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Mental health

Mental health

Mental health refers to the person’s cognitive and emotional wellbeing, i.e. how they think, feel and behave. Approximately one in four people in the United Kingdom will have a mental health problem during their lives (NHS Digital, 2009). Poor mental health can affect day to day functioning, relationships, physical health, and the ability to enjoy life.

All nurses have a responsibility to promote good mental health in order to prevent problems and to support patients who may have a mental illness. Mental health nurses work in a variety of settings and support and treat people who have been diagnosed with a mental illness.

Just like in physical health, nurses can promote mental health by building good relationships with patients, encouraging healthy behaviours, and recognising and treating symptoms early. Again, as in physical health, there are many mental illnesses which need specialised treatment, these include:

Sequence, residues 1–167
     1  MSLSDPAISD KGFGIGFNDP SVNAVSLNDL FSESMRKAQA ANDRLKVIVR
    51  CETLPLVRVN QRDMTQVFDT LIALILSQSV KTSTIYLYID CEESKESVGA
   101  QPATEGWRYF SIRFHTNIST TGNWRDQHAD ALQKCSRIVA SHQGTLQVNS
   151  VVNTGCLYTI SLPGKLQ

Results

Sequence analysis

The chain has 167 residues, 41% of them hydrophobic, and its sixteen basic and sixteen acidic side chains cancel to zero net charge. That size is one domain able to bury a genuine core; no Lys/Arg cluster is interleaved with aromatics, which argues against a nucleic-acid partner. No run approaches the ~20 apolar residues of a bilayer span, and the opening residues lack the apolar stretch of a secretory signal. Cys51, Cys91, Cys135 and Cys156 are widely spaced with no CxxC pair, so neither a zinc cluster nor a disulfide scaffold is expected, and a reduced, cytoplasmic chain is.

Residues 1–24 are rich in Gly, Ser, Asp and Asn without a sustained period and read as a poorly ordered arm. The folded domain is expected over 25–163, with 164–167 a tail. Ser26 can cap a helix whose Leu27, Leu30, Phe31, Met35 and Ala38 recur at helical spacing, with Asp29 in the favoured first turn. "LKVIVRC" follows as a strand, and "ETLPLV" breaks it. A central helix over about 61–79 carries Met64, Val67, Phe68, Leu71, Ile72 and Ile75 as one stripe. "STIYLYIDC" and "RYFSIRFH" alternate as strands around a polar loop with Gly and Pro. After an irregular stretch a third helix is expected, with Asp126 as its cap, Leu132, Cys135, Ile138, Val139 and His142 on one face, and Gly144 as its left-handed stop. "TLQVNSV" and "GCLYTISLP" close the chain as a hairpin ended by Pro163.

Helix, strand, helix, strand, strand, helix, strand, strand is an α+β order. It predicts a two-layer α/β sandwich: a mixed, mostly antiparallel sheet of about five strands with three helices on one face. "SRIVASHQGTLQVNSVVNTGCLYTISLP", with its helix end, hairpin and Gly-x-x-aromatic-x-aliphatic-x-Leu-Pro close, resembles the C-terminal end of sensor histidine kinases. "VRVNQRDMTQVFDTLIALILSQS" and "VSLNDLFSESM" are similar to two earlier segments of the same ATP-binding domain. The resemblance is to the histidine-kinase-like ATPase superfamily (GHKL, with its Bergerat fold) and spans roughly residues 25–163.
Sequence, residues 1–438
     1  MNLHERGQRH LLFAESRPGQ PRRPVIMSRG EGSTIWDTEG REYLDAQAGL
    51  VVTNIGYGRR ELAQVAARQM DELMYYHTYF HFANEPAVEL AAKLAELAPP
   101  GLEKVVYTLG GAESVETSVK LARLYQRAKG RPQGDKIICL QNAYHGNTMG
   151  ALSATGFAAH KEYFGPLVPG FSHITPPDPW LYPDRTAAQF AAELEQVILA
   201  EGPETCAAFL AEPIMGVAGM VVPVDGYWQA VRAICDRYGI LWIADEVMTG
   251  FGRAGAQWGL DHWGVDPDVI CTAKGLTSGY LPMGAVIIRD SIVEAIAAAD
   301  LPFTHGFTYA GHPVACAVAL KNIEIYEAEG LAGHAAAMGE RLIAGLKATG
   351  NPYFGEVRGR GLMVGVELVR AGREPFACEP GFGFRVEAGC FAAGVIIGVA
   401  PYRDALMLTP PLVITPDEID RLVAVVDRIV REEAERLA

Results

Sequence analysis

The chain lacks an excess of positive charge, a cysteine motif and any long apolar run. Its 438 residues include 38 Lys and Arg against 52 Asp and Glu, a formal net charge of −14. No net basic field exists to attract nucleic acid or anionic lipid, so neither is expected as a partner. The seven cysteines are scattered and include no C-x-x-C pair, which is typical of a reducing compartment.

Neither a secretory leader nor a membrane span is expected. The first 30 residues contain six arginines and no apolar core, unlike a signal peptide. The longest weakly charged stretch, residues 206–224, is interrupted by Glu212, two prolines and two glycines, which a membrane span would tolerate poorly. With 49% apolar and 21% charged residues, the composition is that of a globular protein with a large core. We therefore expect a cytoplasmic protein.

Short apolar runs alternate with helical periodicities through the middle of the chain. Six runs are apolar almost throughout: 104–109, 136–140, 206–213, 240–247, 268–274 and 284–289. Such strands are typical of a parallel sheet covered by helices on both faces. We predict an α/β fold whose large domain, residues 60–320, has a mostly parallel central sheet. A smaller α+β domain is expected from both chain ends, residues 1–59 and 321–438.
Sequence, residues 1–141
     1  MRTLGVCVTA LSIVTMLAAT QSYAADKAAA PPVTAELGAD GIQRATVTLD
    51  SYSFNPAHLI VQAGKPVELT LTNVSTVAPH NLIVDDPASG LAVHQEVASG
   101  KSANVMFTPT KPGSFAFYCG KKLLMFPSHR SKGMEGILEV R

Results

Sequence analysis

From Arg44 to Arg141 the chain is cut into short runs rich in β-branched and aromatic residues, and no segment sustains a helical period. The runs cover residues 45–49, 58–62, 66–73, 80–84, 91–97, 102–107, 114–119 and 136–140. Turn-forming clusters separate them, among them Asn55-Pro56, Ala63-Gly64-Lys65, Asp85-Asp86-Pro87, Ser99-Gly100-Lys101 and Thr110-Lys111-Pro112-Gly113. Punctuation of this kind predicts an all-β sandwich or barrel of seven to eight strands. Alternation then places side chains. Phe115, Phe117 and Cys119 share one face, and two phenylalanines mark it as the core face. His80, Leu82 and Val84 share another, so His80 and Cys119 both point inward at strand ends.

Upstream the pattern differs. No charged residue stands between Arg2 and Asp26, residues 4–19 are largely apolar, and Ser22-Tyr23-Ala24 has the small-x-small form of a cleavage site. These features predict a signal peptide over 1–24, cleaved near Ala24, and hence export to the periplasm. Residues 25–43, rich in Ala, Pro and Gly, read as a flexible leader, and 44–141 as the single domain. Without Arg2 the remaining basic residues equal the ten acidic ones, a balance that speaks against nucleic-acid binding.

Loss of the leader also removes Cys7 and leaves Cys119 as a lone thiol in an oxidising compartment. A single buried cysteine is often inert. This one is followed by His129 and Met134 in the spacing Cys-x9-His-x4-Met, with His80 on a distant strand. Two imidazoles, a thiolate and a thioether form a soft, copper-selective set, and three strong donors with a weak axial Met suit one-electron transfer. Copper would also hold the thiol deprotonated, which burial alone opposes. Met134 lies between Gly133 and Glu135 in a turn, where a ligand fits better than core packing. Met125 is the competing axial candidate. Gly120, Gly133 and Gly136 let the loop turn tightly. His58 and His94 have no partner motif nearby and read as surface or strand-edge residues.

• anxiety
  • depression
  • psychosis (such as schizophrenia and bipolar disorder)
  • eating disorder
  • personality disorder
  • obsessive-compulsive disorderapost-traumatic stress disorder
  • addiction
  • post-natal depression
  • post-partum psychosis. 

Some of these illnesses are life-long and the person needs education, treatment and guidance to manage the condition. Each individual will be affected differently, therefore their care needs to be tailored to meet their needs.

People with mental health problems do not always get the help they need. Often symptoms are not recognised and services have suffered from a lack of funding. Though improving, there is still stigma about having a mental illness. The Royal College of Nursing is continually working in a variety of ways to tackle these issues.